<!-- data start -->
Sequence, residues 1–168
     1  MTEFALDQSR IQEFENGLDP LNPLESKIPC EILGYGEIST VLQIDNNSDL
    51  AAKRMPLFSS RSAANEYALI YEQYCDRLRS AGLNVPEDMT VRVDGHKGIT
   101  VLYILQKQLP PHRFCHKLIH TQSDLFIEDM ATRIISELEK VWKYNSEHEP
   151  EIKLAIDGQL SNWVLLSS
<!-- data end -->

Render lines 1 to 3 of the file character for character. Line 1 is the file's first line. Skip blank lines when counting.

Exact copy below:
Sequence, residues 1–168
     1  MTEFALDQSR IQEFENGLDP LNPLESKIPC EILGYGEIST VLQIDNNSDL
    51  AAKRMPLFSS RSAANEYALI YEQYCDRLRS AGLNVPEDMT VRVDGHKGIT